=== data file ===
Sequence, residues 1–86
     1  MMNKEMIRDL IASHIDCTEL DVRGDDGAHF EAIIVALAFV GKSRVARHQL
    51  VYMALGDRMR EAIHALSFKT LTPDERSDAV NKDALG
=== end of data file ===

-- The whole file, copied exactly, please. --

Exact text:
Sequence, residues 1–86
     1  MMNKEMIRDL IASHIDCTEL DVRGDDGAHF EAIIVALAFV GKSRVARHQL
    51  VYMALGDRMR EAIHALSFKT LTPDERSDAV NKDALG